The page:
A favorite session from Flink Forward Berlin 2017 was Robert Metzger's "Keep It Going: How to Reliably and Efficiently Operate Apache Flink". One of the topics that Robert touches on is how to roughly size an Apache Flink cluster. Flink Forward attendees mentioned that his cluster sizing guidelines were helpful to them, and so we've converted that section of his talk into a blog post. Enjoy!
One of the most frequently-asked questions in the Flink community is how to size a cluster when moving from development to production. The definitive answer to this question, is, of course, "it depends," but that’s not a helpful answer. This post outlines a series of questions to ask to arrive at some numbers you can use as guidance.
Do the Math and Establish a Baseline
The first step is to think through your application’s operational metrics to arrive at a baseline of required resources.
The key metrics to consider are:
The number of records per second and the size per record
The number of distinct keys you have and the state size per key
The number of state updates and the access patterns of your state backend
Finally, a more pragmatic concern is your service-level agreements (SLAs) around downtime, latency, and max throughput with your customers as these directly influence your capacity planning.
Next, look at what resources you have available based on your budget. For example:
The network capacity, taking into account any external services that also use the network, such as Kafka, HDFS, etc.
Your disk bandwidth, if you are relying on a disk-based state backend like RocksDB (and considering other disk use like Kafka or HDFS)
The number of machines and the CPU and memory they have available
Based on all these factors, you can now build a baseline for normal operation, plus a buffer of resources used for recovery catch-up or to handle load spikes. I recommend you also consider the resources used during checkpointing when establishing the baseline.
Example: Let’s run some numbers
I will now plan a job deployment on a hypothetical cluster to visualize the process of establishing a resource usage baseline. These numbers are rough “back-of-the-envelope” values, and they’re not comprehensive--at the end of the post, I’ll also identify some of the aspects that I ignored while making this calculation.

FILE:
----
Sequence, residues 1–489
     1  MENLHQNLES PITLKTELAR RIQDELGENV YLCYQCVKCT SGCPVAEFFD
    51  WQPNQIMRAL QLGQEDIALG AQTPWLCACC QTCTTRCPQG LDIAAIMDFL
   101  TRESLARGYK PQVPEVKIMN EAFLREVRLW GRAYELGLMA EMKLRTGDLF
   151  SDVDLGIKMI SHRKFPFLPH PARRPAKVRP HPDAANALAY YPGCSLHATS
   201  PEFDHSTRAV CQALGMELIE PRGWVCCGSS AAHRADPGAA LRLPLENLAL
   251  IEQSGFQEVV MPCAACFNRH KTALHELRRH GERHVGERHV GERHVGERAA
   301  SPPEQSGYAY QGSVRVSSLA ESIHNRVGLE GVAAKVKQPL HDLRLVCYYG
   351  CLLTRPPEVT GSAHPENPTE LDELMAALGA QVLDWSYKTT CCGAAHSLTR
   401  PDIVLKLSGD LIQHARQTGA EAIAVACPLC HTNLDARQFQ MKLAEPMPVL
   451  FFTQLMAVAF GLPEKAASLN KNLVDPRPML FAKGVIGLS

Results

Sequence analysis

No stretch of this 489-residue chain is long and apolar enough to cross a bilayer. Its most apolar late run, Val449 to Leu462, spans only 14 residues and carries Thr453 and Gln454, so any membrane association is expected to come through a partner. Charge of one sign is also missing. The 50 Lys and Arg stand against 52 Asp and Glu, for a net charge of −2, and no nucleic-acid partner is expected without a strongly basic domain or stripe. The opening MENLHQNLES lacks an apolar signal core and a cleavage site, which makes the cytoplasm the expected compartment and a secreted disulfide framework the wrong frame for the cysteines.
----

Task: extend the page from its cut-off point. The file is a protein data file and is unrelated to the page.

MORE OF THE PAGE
Example Flink Streaming Job and Hardware
Example Flink Streaming job topology
For this example, I am going to deploy a typical Flink streaming job that reads data from a Kafka topic using Flink’s Kafka consumer. The stream is then transformed using a keyed, aggregating window operator. The window operator performs aggregations on time windows of 5 minutes. As there is always fresh data, I’ll configure the window to be a sliding window with a 1-minute slide.
This means I’ll get the aggregates for the past 5 minutes updated every minute. The streaming job creates an aggregate per userId. The messages consumed from the Kafka topic have a size (on average) of 2 KB.
The throughput is 1 million messages per second. To understand the state size of the window operator, you need to know the number of distinct keys. In this case, it’s the number of userId's, which is 500,000,000 unique users. For each user, you are computing four numbers, stored as longs (8 bytes).
Let’s summarize the job’s key metrics:
Message size: 2KB
Throughput: 1,000,000 msg/sec
Distinct keys: 500,000,000 (aggregation in window: 4 longs per key)
Checkpointing: Once every minute.
Hypothetical Hardware Setup
There are five machines running the job, each running a Flink TaskManager (Flink’s worker nodes). Disks are network-attached (common in cloud setups), and there is a 10 Gigabit Ethernet connection from the main switch to each machine running a TaskManager. The Kafka brokers are running on separate machines.
Each machine has 16 CPU cores. For simplicity, I won’t consider CPU and memory requirements. In the real world, depending on your application logic and the state backend in use, you would need to pay attention to memory. This example uses a RocksDB-based state backend, which is robust and has low memory requirements.
A Single Machine’s Perspective
To understand the resource requirements of the whole job deployment, it’s easiest to focus on the operations in one machine and one TaskManager first. You can then use the numbers derived from one machine to calculate the overall resource requirements.
By default (if all operators have the same parallelism and there are no special scheduling restrictions), all operators of a streaming job are running on each machine.
In this case, the Kafka source (or consumer), window operator, and Kafka sink (or producer) are all running on each of the five machines.A machine perspective - TaskManager n keyBy is a separate operator in the figure above so that calculating the resource requirements is easier. In reality, keyBy is an API construct and translates into a configuration attribute for the connection between the Kafka source and window operator.
I will now go through each of these operators from top to bottom to understand their network resource requirements.
The Kafka source
To calculate the amount of data received by an individual Kafka source, first, compute the aggregate Kafka input. The sources receive 1,000,000 messages per second that are 2KB each.
2KB x 1,000,000/s = 2GB/s
Dividing 2GB/s by the number of machines (5) leads to the following result:
2GB/s ÷ 5 machines = 400MB/s
Each of the 5 Kafka sources running in the cluster receives data with an average throughput of 400 MB/s.The Kafka source calculation
The Shuffle / keyBy
Next, you need to ensure that all events with the same key (in this case the userId) end up on the same machine. The data in the Kafka topic you are reading from might be partitioned according to a different partitioning scheme.
The shuffling process sends all data with the same key to one machine, so you are splitting the 400MB/s stream of data coming from Kafka into a userId-partitioned stream: